in the Imperial Palace’. The number of visitors has been such that the Museum has extended the
exhibition till 10th May, 2018.
Who was Napoleon Buonaparte, as he was named in my elementary school history books? Why do
we continue to be fascinated by this man two hundred years later? He was an enigma of a sorts,
militant, an excellent strategist in battle, possessed of ruthless ambition, a lover of the arts and at
ease in fashionable salons.
Atlas publishing has issued a beautifully illustrated pictorial history. Napoleon Buonaparte was born
|Atlas book cover/|
on the island of Corsica to a lawyer and his wife. Since
France had acquired Corsica from the Italians, he was
considered French, and later adopted the French spelling of
his name. He was sent to mainland France for his education
and to learn the language. He graduated from a French
military academy in 1785, and became a second lieutenant
in the French army four years before the start of the
By 1792 the revolutionaries had overthrown the monarchy and declared France was now a republic. Napoleon spent most of the revolutionary years on leave at home in. When the Bonaparte family left Corsica for France, Napoleon returned to his army duties and was speedily promoted to major general. He married Josephine de Beauharnais, a glamorous widow, in 1796. She already had two teenage children.
The French Revolution was not welcomed by the rest of the European nations, and Bonaparte
soon found himself involved in military conflicts. He commanded the French army in Italy
where he defeated much bigger Austrian forces. However, he declined to invade Britain,
opting to invade Egypt in an effort to destroy Britain’s trade routes with India. Instead, the
In the end he abandoned his army in Egypt and returned to France, where he became the country’s First Consul and leading political figure. At first he did work hard to restore political stability to France. He brought about reforms in education and banking, centralised the government and supported the arts and science. He also tried to improve relations between his regime and the Pope. He introduced the Napoleonic Code, which streamlined the French legal system and continues to form the foundation of French civil law. Indeed, in Québec the current legal system is based on the Napoleonic law.
At the Battle of Marengo 1800 his forces defeated the Austrians and drove them out of Italy.
This undoubtedly served to stoke Bonaparte’s enormous ego, as did his increasing military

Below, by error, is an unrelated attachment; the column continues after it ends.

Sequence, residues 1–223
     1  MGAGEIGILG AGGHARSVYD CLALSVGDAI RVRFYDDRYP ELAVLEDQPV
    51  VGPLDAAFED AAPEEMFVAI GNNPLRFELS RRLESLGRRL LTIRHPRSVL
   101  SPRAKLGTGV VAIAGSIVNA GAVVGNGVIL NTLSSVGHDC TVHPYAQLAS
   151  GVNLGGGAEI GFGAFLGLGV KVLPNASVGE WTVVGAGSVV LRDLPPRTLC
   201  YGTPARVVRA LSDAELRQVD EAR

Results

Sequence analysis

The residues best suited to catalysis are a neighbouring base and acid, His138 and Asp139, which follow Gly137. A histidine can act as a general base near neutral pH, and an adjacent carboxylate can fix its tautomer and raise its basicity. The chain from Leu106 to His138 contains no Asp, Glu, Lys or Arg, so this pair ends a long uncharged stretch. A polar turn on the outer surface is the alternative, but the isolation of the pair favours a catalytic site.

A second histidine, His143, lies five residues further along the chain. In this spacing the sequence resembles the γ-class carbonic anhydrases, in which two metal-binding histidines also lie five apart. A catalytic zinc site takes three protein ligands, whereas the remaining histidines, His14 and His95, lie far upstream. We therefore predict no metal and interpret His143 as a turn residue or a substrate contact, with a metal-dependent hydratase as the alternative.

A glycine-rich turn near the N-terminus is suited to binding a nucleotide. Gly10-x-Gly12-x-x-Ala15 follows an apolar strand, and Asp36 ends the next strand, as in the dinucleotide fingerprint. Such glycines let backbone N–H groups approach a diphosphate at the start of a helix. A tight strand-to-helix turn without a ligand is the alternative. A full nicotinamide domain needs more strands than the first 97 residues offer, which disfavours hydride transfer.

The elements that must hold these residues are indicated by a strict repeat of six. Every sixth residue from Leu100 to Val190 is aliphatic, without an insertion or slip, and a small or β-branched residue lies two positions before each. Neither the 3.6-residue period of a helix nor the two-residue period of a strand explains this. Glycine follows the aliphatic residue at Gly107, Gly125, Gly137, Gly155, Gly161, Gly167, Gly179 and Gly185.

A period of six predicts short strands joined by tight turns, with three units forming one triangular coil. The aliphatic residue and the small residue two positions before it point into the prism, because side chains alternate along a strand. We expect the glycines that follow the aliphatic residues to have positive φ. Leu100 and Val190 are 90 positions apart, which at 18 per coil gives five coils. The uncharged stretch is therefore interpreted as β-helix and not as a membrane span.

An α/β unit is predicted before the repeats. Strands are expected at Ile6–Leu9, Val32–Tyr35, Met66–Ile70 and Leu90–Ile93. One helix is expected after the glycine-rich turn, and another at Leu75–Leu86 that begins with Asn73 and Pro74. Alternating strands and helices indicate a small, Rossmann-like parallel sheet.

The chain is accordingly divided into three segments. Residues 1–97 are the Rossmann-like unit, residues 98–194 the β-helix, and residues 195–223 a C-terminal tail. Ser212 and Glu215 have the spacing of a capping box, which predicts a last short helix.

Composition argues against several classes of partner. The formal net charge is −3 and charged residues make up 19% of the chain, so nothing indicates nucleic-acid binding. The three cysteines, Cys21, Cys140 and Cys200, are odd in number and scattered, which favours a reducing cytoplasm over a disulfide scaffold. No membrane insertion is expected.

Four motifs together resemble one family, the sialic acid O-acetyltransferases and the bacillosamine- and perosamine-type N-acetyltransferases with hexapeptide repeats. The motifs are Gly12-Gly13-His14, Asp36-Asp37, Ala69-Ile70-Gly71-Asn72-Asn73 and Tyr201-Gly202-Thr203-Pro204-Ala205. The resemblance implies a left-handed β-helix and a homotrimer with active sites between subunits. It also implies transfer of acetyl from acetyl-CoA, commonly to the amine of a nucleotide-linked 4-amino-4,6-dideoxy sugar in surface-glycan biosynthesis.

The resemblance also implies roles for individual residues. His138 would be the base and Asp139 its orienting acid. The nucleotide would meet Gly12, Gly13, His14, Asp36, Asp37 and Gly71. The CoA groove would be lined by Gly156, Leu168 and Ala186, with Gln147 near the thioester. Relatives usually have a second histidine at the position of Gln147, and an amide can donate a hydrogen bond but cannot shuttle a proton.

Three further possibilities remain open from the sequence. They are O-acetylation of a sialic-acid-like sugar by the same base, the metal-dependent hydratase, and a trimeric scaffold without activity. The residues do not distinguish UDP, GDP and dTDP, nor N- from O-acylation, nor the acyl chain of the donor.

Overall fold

successes. By the early 19th century Napoleon dominated continental Europe. In 1804 he had
himself crowned Emperor in a lavish ceremony at Notre Dame Cathedral, with Josephine as his Empress.
Napoleon's talents were not confined to the battlefield; he loved the arts and culture, and was much at home in the various salons and social gatherings. According to the Englishwoman Mary Berry, he was short – a little over five feet in height – with enormously broad shoulders. He had grey eyes, good teeth, and a very sweet smile and gave one his whole attention in conversation. However, at home as elsewhere, Napoleon was a dictator. At one of his dinners in 1802 Lady Jane Maxwell, Duchess of Gordon, attempted to arrange a marriage between her youngest daughter and Eugene, Josephine’s son. The young couple really liked each other, it seemed a happy match. It did not suit Napoleon who wanted his stepson to marry royalty, and he ruthlessly nipped the blossoming romance in the bud.
His own marriage to Josephine produced no children, therefore Napoleon had the marriage annulled and in 1810 he married Princess Marie Louise of Austria. She gave birth to a son, Napoleon François Joseph Charles, who was given the title King of Rome.
In the end, Bonaparte’s megalomania led to his downfall. His disastrous Russian invasion resulted in the loss of 450,000 men. He was forced to abdicate and exiled to Elba. A year later, he escaped and once more raised an army. He invaded Belgium, won the Battle of Ligny but was defeated at the Battle of Waterloo. Again he was forced to abdicate and exiled, this time on the British island of St. Helena. As befitting an emperor, the British housed him in style in Linwood House, where he lived with all the trappings to which he was accustomed.
He died at Linwood, probably from stomach cancer, aged only 51.